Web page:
To guide hospital treatment if aspirin overdosage is suspected.
Aspirin therapy of chronic inflammatory conditions is rarely used now.
Usually in hospital after an overdose.
A blood sample drawn from a vein usually in an arm
The plasma concentration of salicylic acid (the active part of aspirin) is being measured as this produces the undesirable side effects, notably damage to the stomach, including ulcers and bleeding, and tinnitus (ringing in the ears).
Normally from a vein in the arm by use of a needle and syringe.
The plasma salicyate concentration is used to assess aspirin dosage and, if overdosage is diagnosed, to guide hospital treatment of aspirin poisoning.
Either to monitor dosage during long-term aspirin treatment, or to help diagnose overdosage.
After overdosage the result has to be interpreted by the hospital doctor who takes into account other factors such as the time the overdose was taken and whether other drugs are present.
Aspirin is used in adults to bring down a fever or as an analgesic (pain remover) for a toothache or head ache . For these purposes the dose is 300 – 600 mg/day. The dose may be repeated after 4 hours and the maximum dose should not exceed 4 g/24 hours.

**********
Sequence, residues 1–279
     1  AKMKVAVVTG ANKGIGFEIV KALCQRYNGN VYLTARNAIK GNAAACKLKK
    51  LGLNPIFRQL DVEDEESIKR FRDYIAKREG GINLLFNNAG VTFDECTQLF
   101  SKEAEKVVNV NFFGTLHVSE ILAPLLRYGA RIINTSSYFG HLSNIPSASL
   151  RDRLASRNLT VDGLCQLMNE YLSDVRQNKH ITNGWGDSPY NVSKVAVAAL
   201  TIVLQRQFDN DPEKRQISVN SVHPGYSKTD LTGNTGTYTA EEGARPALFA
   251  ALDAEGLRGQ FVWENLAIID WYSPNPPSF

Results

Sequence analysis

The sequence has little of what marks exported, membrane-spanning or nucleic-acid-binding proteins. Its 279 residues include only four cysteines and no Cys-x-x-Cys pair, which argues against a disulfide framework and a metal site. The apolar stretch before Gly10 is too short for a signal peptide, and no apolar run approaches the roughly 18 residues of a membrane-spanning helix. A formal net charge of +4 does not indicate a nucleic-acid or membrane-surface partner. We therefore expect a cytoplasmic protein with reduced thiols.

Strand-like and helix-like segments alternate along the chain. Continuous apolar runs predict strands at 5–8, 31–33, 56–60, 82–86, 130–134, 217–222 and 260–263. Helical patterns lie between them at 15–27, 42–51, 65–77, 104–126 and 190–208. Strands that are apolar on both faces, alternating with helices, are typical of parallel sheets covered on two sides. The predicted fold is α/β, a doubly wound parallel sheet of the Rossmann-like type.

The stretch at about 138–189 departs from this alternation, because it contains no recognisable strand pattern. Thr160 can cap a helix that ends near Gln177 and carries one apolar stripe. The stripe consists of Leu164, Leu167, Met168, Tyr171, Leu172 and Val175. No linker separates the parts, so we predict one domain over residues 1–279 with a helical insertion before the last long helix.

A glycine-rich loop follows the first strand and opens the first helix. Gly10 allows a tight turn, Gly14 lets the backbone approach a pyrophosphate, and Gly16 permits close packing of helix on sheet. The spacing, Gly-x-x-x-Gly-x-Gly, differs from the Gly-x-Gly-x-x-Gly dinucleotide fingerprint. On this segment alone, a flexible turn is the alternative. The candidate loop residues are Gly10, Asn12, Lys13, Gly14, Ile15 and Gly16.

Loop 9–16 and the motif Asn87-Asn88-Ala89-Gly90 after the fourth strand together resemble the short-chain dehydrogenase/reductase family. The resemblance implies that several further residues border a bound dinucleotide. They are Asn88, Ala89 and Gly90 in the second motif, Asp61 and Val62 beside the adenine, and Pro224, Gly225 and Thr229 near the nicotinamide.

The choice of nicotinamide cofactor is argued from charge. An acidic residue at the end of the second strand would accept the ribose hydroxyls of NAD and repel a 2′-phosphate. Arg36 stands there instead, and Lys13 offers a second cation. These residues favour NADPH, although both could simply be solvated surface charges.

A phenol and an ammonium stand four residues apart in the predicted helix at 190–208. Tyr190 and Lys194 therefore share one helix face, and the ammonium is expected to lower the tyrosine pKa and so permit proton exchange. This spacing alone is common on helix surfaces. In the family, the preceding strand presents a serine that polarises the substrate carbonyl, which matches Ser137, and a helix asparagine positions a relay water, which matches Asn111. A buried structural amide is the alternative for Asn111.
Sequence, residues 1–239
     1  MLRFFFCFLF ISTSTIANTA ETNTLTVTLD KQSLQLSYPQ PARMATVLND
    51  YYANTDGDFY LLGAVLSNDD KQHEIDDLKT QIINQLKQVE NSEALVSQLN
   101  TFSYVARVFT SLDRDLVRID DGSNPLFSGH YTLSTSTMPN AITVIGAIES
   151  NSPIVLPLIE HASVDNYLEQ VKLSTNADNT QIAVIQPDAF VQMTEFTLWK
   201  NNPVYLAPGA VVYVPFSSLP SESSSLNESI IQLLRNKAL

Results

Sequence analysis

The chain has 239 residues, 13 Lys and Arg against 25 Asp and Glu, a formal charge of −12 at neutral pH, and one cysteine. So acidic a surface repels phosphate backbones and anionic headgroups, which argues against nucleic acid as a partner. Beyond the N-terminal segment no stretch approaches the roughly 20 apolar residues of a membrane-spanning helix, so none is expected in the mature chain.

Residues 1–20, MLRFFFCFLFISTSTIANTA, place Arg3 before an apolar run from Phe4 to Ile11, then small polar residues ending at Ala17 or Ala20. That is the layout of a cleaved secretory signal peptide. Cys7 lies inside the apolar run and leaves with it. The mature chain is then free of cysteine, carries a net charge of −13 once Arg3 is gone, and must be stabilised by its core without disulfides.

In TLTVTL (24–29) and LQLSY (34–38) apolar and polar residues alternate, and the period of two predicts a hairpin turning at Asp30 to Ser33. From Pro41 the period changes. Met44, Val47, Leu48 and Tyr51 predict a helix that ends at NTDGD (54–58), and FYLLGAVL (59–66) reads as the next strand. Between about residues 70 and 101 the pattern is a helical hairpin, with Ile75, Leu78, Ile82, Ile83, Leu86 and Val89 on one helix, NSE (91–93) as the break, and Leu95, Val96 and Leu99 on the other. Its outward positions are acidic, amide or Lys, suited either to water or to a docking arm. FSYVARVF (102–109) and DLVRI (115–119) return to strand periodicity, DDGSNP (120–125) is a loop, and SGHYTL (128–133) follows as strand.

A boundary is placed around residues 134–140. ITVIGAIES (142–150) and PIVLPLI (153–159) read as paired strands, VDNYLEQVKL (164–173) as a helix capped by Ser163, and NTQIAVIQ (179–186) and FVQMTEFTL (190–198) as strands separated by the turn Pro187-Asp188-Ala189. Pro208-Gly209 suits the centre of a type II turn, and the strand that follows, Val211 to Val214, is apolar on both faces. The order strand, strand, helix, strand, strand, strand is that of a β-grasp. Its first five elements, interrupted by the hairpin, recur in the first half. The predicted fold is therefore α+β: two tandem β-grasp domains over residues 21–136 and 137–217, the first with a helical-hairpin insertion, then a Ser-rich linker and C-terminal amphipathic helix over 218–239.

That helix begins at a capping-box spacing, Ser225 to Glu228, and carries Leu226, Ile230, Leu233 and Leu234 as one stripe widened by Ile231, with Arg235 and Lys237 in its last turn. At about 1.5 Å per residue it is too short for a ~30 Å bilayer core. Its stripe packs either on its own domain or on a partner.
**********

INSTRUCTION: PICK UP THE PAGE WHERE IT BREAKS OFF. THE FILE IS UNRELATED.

Aspirin is usually not used to treat chronic pain today.
Low dose aspirin, 75 – 150 mg/ day is given to prevent heart attacks and strokes. Aspirin should not be taken long-term without consulting your doctor. It is not monitored at this low dose.
Aspirin should NEVER be given to children under 12 years of age unless directed by a doctor. Aspirin should not be taken with alcoholic drinks as this increases the risk of bleeding from the stomach. If aspirin overdosage is suspected you should seek medical help. Ibuprofen (Neurofen) or paracetamol (Panadol) are safer treatments than aspirin for short-term problems such as headache.
Regular asprin consumption should only be adopted under the supervision of your doctor. Low-dose aspirin (50 milligrams or so per day), used to reduce the risk of heart attack is generally safe.
Apart from the Related Tests noted above, there are no other related pages on this site.
RCPA Manual: Salicylate
Patient UK: Salicylate poisoning
Last Review Date: October 27, 2011